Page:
Japan's national sport of sumo conjures up visions of very large loincloth-clad men crashing into one another. But lately, a new breed of sumo wrestler is stepping into the ring. At just over 50 pounds, Mei Kigawa may not look like a sumo wrestler, but the shy fifth-grader is no pushover.
‘Sumo is for everyone’
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Change is not something that occurs quickly or unexpectedly in the ancient and highly conservative sport of sumo. However, that seems to be exactly what happened earlier today Apr. This shocking announcement was made at a roughly minute-long press event in Tokyo organized by the Japan Sumo Association. Sumo wrestlers in the ring wearing the now defunct mawashi. Following the earth-shattering press event, news commentators across Japan took to the airwaves. While a small minority seemed accepting of the new policy, the vast majority called it nothing more than a shameful attempt to distract the public from a recent series of scandals involving senior wrestlers physically abusing their juniors. Yamane, however, told Nippon Rai News that these scandals had nothing to do with the decision to outlaw the mawashi :. Nudity is not something we Japanese are embarrassed of.
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Women ordered off stage at sumo contest after trying to help stricken mayor
Combining her considerable height and heft with flashes of speed, her practice bouts end with a succession of opponents thrown to the ground or shoved unceremoniously out of the ring. On a humid, wet afternoon in central Japan , Okumura draws on her reserves of strength for a final, punishing series of drills with a male opponent. By the end, it is hard to tell who is more exhausted. Training is centered on two dohyo — a dirt-covered 4. As amateurs, the women athletes at Asahi and other universities are not bound by the ancient traditions governing professional sumo - in which only men can compete. But that might not be the case for much longer. Many hope the ban on women joining the professional sumo ranks will one day be overturned, proving that deep-seated misogyny has no place in a sport striving to be accepted as an Olympic event. The row was triggered by after several women, including at least one nurse, rushed on to the ring to administer first aid to the local mayor, who had collapsed after suffering a stroke. Using the public address system, the referee repeatedly ordered them to leave the ring , but the women refused.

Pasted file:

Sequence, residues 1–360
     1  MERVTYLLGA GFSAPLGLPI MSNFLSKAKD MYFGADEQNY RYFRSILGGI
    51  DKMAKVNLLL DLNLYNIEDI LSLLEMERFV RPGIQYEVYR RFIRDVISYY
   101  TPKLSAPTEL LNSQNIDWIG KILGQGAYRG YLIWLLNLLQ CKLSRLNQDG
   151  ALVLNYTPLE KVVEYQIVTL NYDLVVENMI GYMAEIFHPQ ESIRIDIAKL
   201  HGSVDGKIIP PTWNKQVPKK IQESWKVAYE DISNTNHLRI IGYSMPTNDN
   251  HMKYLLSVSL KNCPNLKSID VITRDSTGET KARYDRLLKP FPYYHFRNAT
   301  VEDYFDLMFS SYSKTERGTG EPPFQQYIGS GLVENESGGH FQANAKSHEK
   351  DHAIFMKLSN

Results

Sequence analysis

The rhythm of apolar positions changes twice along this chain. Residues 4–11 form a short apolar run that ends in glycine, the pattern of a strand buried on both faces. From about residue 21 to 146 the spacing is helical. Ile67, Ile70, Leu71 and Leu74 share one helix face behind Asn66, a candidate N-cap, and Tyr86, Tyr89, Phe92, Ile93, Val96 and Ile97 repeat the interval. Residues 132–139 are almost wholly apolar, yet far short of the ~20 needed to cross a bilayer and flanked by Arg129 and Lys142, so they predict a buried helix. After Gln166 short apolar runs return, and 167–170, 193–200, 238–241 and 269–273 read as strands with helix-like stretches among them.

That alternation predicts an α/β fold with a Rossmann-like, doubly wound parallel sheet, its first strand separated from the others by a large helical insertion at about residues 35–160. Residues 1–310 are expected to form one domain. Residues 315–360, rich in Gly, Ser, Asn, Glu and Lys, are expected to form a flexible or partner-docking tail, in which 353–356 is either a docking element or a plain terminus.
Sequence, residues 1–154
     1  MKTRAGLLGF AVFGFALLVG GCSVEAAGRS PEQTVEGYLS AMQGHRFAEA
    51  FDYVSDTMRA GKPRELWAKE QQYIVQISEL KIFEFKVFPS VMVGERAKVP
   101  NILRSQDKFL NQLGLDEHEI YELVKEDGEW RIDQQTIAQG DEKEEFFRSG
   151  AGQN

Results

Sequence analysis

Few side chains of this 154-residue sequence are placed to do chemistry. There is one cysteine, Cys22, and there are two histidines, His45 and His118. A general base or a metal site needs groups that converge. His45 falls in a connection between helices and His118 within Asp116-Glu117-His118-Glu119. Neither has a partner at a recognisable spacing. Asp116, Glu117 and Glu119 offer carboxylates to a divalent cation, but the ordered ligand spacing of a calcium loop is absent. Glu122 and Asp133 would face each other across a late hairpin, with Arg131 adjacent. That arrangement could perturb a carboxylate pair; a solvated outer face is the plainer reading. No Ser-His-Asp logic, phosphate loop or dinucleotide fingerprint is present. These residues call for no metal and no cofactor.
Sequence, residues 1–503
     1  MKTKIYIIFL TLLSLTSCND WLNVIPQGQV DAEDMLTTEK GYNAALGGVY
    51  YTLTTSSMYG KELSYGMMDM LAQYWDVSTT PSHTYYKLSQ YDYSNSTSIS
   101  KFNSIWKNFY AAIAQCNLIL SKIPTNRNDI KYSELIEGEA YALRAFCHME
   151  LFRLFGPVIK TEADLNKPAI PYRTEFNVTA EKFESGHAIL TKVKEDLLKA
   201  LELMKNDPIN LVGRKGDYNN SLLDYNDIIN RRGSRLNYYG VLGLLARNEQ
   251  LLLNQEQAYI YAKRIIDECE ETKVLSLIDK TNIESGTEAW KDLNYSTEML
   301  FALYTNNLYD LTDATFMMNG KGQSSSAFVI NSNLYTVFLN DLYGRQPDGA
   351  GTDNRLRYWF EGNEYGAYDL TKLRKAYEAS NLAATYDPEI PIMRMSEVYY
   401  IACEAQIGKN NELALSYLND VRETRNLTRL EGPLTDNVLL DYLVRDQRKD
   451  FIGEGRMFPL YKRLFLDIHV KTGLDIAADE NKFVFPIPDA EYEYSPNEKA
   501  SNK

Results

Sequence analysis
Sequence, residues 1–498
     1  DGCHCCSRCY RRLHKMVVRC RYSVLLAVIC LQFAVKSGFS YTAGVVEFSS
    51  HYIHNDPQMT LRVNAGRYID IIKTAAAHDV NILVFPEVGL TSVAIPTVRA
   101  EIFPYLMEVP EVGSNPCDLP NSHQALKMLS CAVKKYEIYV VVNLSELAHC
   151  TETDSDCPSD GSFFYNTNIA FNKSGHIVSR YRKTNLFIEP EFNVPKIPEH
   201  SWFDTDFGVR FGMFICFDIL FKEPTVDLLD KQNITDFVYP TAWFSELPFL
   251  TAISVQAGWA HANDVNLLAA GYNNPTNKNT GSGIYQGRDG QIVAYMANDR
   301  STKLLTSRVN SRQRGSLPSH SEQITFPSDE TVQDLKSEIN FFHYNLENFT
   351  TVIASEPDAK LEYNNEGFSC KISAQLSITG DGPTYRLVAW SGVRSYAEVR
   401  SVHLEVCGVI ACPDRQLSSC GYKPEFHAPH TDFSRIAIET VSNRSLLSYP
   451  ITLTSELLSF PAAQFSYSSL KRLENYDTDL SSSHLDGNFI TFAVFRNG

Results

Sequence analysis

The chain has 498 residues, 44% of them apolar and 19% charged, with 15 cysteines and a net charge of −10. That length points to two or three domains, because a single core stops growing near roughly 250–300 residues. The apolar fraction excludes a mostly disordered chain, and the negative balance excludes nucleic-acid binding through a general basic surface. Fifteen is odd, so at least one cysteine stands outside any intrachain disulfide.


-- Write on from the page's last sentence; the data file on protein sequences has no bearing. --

Steeped in tradition, sumo has long been the ultimate old-boys club — a sport dominated by larger-than-life men, a realm where women are not welcome. In fact, in the professional ranks, they are forbidden from even stepping into a ring, let alone wrestling. But the sumo world may soon be in for a giant shock. Women have arrived on the scene, and in recent years, the sport has taken off on the amateur level. All over Japan, girls and women are strapping on traditional mawashis traditional sumo thongs over their leotards and raising more than a few eyebrows in the process. When you envision the prototypical sumo wrestler, year-old Yoko Yamata almost certainly does not come to mind. Young, slim and attractive, she looks more like a figure skater or a ballerina than a sumo wrestler. A kickboxer, maybe, but not a sumo wrestler. Yamata, who has taken judo and karate, began her amateur sumo career several months ago. She once dreamed of being the next Jackie Chan, but she's set those plans aside for the time being to compete in her latest pursuit.